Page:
Sunday’s blizzard, which left up to 8 inches of snow in some areas of Kansas, was called an “unprecedented event” by a meteorologist with the National Weather Service in Wichita.

Meteorologist Brad Ketcham said he couldn’t remember, nor could any evidence be found on record, of a prior blizzard warning issued by the NWS during November.

“It’s really an unprecedented event,” he said. “And it’s not even the meteorological winter yet, which starts Dec. 1.”

That doesn’t mean forecasters didn’t know blizzard-like conditions were coming into Kansas early Sunday. However, the intensity of the winter storm was somewhat unexpected, and predictions that originally called for 2 to 4 inches of snow in north-central and northern Kansas ended up being 5 to 8 inches.

“The wind we knew was going to happen, so we expected a blizzard,” Ketcham said. “But we thought it would stay north of I-70. Then about 24 hours before, the system took a shift to the south and deepened, got a little stronger. At least we had enough warning to get a warning out the night before.”

Salina received a total of 6.8 inches of snow, Ketcham said. Other totals reported by Kecham included Beloit, 7 inches; Lincoln and north of Brookville, 6 inches; Lindsborg, Hillsboro and Ellsworth, 5 inches; and Hays, 4 inches.

“The heaviest band of snow stretched from Salina to Marysville, with the northeast getting the heaviest snowfall,” Ketcham said.

Sunday was the end of the Thanksgiving holiday weekend and thousands of travelers were expected to be on the road, so Ketcham said the early blizzard warning and updates encouraged more people to travel on Saturday when temperatures were still in the 50s and 60s.

“We did hear from some people who changed their travel plans and came home Saturday because of advance warning,” he said.

It’s a good thing most people listened, because the blizzard made visibility nearly nonexistent and caused the closings of several major highways Sunday, including I-70 from WaKeeney to Salina in the morning, then Salina to Junction City as the storm moved eastward.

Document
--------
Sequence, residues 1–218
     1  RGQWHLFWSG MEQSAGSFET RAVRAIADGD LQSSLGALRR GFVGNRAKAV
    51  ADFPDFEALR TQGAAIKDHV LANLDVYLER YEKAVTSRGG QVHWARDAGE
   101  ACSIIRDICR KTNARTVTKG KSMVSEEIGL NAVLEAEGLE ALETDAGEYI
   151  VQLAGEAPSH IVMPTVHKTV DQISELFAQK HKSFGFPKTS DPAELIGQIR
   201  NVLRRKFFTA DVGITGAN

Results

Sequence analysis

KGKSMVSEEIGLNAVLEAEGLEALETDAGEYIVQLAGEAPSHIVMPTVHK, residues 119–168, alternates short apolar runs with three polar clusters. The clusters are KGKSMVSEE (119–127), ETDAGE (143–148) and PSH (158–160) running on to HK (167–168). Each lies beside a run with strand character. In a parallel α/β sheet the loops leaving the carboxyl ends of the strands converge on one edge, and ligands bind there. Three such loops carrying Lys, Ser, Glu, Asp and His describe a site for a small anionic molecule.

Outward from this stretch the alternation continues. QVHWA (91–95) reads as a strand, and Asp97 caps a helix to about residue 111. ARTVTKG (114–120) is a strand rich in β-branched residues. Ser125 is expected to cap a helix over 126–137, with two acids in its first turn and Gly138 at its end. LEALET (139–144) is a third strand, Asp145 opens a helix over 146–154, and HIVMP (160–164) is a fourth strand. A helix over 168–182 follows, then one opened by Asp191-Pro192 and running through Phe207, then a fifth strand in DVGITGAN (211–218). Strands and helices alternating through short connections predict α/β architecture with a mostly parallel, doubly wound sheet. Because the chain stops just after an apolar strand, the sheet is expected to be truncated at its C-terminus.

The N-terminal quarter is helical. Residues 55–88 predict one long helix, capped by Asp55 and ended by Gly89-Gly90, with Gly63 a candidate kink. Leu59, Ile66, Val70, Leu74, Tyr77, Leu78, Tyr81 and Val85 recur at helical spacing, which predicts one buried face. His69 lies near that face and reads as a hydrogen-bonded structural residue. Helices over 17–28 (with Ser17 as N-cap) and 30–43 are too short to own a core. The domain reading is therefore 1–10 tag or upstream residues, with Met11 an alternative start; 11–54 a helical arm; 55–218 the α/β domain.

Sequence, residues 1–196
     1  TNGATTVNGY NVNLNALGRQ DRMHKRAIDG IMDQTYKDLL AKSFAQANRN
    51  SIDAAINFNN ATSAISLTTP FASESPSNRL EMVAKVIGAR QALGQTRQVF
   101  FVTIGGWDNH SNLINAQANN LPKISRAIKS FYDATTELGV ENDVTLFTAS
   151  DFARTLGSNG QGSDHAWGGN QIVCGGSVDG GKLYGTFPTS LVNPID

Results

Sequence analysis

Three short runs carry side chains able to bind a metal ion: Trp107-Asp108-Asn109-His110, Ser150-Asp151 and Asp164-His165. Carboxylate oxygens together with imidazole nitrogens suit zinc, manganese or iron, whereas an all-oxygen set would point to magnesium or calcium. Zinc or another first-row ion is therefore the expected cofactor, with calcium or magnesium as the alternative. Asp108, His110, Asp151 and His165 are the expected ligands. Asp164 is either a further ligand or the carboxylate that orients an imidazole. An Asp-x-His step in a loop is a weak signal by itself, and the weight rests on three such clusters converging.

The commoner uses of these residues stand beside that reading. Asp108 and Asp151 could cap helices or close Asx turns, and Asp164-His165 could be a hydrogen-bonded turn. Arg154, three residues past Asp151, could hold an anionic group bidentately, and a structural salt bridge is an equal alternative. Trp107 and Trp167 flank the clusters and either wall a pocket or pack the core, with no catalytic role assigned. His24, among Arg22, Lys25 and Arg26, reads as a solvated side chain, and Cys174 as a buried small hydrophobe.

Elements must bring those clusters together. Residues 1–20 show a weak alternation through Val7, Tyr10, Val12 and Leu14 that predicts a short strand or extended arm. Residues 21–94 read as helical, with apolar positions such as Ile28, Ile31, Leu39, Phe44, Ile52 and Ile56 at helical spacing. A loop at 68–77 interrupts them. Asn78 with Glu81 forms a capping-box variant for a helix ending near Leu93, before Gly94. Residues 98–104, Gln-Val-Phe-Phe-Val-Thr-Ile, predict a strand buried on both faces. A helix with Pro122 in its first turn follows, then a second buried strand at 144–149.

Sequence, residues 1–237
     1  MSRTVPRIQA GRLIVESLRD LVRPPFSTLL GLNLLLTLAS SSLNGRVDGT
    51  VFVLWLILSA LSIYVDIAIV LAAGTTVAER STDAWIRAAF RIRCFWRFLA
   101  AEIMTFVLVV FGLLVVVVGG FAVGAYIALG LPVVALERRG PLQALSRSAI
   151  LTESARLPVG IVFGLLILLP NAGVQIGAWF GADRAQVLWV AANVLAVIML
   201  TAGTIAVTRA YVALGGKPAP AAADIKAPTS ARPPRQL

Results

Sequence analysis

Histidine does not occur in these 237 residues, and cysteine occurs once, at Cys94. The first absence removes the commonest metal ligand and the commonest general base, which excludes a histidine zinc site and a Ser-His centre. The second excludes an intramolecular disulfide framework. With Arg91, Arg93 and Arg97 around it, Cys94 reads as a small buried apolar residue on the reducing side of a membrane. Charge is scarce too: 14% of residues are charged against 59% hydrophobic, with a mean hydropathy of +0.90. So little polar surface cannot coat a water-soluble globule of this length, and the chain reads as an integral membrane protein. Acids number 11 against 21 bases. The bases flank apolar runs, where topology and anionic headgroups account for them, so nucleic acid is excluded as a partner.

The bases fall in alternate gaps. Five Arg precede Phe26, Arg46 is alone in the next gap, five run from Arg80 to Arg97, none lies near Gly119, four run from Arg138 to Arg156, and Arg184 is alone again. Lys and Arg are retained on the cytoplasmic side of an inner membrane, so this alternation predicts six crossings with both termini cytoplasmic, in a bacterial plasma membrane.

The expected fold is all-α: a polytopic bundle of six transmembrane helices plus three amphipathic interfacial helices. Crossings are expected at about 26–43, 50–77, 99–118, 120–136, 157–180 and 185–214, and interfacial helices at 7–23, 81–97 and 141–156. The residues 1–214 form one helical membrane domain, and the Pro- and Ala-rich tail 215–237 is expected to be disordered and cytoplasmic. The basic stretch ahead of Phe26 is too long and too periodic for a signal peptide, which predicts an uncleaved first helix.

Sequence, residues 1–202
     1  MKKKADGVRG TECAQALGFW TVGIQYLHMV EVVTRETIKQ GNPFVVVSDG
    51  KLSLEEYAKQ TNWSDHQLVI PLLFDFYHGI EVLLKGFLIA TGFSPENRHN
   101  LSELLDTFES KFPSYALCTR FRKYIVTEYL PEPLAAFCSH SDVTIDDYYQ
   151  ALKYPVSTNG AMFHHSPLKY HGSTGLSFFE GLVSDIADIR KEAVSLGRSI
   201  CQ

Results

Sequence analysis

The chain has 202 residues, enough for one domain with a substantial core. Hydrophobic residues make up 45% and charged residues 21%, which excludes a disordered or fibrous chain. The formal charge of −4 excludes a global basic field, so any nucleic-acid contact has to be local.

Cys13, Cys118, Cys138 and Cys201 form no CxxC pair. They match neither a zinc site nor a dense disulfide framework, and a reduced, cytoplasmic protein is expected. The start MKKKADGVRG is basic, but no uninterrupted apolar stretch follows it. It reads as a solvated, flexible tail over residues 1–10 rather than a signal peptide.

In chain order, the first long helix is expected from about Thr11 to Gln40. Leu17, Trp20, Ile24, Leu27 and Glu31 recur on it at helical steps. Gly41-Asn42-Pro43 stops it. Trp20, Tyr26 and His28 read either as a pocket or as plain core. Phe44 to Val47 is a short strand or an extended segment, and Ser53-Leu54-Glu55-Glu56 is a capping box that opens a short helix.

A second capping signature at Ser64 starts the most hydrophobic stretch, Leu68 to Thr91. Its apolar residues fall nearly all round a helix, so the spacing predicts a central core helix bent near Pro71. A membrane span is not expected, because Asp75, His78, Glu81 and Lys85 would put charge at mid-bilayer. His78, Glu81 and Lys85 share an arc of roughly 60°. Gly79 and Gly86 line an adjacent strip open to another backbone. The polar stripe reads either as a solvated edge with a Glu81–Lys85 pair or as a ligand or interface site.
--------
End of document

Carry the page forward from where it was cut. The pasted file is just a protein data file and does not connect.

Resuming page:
Low visibility combined with slick roads caused dozens of slide-offs and wrecks that stretched the capabilities of first responders, Kansas Highway Patrol troopers and Kansas National Guard Stranded Motorists Assistance Response Teams.

The Kansas Highway Patrol reported two weather-related injury wrecks in Saline County and one in Ellis County.

• About 8:35 a.m. Sunday, a Ford Fusion driven by Terrika S. Hayes, 31, of Jackson, Tenn., was westbound on I-70 when blizzard conditions contributed to the vehicle striking the back of a CMV trailer. Hayes, who was wearing a seat belt, was taken to Salina Regional Health Center with injuries. A juvenile male in the vehicle was uninjured.

• A Lincoln LS driven by Shanna Michelle Yocham, 40, of McPherson, and a Freightliner semi truck driven by William D. Gawith, 60, of Hays, were southbound on Interstate Highway 135 at about 5 p.m. Sunday. As a result of an ice and snow packed road, Yocham lost control of her vehicle and spun beneath the trailer of the semi.

Yocham, who was wearing a seat belt, was taken to Salina Regional Health Center with injuries. Gawith and a passenger in his truck, Jay M. Thompson, 50, of Victoria, were uninjured.

• On I-70, about 4 miles east of Ellis, an eastbound Volvo cargo van driven by Oleg C. Brown, 51, of East Point, Ga., lost control on the icy highway about 6 p.m. Sunday.

The van slid and jackknifed into the median, striking a Dodge truck that had been parked there as a result of a previous crash. The occupants of the truck, Frankie L. Mobley, 28, and Legacy L. Roach, 25, both of Tucumcari, N.M., were injured and taken to Hays Medical Center. Brown and a passenger in his van, Clifford G. Higgins, 37, of Austell, Ga., were uninjured. All were wearing seat belts.

Thankfully, the snow was melting nearly as fast on Monday as it fell on Sunday, and temperatures were expected to steadily rise during the rest of the week.

“There’s another chance of precipitation during the weekend, but temperatures should be in the 40s or 50s with lows in the 30s,” Ketcham said. “That’s more in the normal range for this time of year.”